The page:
Christmas is a part-time job
When life squeezes out any time left for writing
Dear Writer Therapy,
I’ve been perpetually thinking about balance.
The holidays push me beyond the space where I can add writing into the mix with the job and my three kids, but even though I know this, I feel guilty, grumpy, and a little panicky when I take too much time away from my writing.
Dear Writing Humbug,
The holidays have passed, but the question of balance and writing never does.
But first, to address the holidays. Back in the pre-Elon days, there was a wonderful twitter thread from Mohammad Hussain, who like me, did not grow up with a tradition of celebrating Christmas. In it, he observes: Christmas is a part-time job you have from mid-November to the end of December.
If you come from a family where celebrating Christmas is the norm, and a community where everyone around you celebrates Christmas, you might not fully appreciate how much time and mental load it takes, because it seems normal and everyone else is doing it. Even recognizing that it pushes you beyond the space where you can add writing, it’s a huge load, especially when you layer on all the encultured messages about Christmas traditions, Christmas magic, Christmas memories.
I am currently a part of a Christmas-celebrating family, but previous to this, let me explain what I did as a single adult on Christmas: sat around in my pyjamas, eating cookies and watching TV. It was glorious.
I say this because I would like for you to know, that Christmas and everything you do for the holidays, is in fact optional.
Now, I do understand…. I have young kids who are heavily inundated with Christmas magic messaging, and I am well-familiar with cultural and familial guilt, especially around cultural traditions. But the time and effort you put into Christmas is a choice. You can choose less.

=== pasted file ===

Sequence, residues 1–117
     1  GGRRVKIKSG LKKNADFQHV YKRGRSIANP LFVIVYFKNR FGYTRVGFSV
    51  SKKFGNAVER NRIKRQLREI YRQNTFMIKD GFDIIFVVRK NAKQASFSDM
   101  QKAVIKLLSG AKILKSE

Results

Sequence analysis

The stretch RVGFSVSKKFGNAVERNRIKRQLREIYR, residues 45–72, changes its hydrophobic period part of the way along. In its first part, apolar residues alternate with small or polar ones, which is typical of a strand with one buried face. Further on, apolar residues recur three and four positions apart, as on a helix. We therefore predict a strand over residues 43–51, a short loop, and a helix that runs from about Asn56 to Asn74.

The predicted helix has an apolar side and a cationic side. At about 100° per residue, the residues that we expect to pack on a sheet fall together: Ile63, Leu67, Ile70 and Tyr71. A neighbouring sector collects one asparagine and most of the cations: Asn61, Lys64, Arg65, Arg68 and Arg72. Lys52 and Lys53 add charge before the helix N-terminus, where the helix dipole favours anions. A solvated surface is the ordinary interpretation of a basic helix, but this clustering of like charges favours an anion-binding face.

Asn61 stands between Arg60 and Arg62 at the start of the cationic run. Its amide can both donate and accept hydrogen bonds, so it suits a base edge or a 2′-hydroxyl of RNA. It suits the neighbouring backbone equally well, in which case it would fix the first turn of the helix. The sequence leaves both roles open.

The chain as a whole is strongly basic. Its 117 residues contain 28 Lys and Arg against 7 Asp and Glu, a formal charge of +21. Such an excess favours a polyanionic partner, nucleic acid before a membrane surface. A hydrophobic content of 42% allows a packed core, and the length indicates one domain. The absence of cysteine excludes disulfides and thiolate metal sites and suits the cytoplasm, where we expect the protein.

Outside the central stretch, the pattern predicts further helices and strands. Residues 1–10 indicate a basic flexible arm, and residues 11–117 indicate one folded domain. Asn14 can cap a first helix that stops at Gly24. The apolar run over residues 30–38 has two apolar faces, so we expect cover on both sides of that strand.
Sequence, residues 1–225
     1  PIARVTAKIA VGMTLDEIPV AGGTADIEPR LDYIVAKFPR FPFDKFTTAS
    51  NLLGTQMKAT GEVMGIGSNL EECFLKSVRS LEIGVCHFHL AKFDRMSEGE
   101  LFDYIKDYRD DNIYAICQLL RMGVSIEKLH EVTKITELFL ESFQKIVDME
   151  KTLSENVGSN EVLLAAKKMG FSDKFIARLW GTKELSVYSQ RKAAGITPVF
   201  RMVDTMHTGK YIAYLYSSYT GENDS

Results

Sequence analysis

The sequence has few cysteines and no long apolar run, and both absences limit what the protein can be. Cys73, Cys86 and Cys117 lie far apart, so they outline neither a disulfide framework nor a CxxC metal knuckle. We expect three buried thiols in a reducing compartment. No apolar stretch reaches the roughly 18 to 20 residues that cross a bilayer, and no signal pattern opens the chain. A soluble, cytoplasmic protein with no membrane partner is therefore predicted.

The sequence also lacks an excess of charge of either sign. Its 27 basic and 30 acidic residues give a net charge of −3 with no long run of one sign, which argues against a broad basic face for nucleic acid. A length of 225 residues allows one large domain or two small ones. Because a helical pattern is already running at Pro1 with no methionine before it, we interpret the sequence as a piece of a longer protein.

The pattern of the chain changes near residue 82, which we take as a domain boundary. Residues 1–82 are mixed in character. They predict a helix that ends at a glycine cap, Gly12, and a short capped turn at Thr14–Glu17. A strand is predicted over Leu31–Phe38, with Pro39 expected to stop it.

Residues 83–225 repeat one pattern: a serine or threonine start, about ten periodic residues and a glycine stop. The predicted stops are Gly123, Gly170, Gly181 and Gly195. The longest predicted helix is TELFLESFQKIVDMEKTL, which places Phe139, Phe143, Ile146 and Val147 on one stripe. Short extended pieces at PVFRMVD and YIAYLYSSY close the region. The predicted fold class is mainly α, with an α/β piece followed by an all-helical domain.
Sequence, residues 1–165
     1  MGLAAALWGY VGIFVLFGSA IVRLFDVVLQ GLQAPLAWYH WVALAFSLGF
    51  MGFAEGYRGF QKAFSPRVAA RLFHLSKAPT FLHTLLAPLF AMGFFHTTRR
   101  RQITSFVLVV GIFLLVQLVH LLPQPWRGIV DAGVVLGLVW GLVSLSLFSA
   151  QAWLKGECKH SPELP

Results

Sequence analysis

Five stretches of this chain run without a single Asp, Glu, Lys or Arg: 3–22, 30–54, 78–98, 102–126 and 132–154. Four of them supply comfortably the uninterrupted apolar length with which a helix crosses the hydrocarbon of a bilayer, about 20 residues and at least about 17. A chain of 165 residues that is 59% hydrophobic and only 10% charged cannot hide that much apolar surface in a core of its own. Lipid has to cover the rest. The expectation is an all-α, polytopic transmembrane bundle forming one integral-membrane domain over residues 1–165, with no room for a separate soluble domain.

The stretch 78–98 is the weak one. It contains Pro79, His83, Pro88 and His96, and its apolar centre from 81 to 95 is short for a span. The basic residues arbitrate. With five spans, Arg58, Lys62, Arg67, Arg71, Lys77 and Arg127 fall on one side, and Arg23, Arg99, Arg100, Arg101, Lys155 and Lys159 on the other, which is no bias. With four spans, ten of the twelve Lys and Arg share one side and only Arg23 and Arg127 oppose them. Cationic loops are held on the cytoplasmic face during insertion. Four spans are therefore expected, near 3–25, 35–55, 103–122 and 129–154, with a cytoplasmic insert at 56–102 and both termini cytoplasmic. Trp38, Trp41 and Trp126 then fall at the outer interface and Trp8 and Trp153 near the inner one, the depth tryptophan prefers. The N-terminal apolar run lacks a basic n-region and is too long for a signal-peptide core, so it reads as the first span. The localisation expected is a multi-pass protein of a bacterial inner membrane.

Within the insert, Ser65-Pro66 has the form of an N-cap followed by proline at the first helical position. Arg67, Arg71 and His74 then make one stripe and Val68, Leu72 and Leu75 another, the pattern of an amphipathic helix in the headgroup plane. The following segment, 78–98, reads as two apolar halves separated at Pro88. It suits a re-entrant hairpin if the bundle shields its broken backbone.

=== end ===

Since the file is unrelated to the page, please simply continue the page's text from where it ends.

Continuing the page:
You might not want to choose less. That’s fine. The food, the gifts, the decorations, the togetherness, all of that can be a source of joy.
You might feel obligated not to choose less. That’s uh, less fine, but also fine. We still have to live in the world with all the people in it, and with that sometimes comes expectations.
But let’s talk about these expectations. The world we live in, Writing Humbug, is not built for art. And the building of this world rests on a set of expectations: what kind of a parent we need to be; what kind of an employee we need to be; what role within our family of origin we need to take on; what kind of friend and community member we are.
Notice how none of this includes: how do we take time for ourselves to be fulfilled and happy? You see, fulfilled and happy is something that takes away from all these other expectations, and so, taking the time for yourself to do the things that matter to no one else but you…. well, that breaks the whole system. The system instead tells you that meeting these expectations should be all you need to be fulfilled and happy, and so what’s your problem? Why should you take time for anything else? And so built into these expectations are the guilt, the fear, the panic, that we are doing something we do not deserve to do. Who are we to write, when there is laundry to be done, meetings to prepare for, homework to supervise, a healthy well-balanced meal to be made from fair trade ingredients, emails to respond to?